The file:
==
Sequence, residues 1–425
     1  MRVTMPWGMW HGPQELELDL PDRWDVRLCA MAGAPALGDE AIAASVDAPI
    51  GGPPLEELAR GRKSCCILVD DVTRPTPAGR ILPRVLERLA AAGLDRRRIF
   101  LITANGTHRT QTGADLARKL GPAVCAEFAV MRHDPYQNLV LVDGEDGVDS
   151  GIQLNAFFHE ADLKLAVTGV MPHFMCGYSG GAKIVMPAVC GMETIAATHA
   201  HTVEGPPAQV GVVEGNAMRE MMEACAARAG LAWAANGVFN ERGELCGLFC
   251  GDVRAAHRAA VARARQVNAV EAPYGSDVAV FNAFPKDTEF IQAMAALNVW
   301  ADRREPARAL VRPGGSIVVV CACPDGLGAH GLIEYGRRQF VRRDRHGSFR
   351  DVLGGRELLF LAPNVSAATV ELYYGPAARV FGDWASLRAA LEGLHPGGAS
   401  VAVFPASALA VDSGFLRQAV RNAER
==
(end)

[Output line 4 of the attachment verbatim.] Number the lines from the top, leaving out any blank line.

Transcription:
   101  LITANGTHRT QTGADLARKL GPAVCAEFAV MRHDPYQNLV LVDGEDGVDS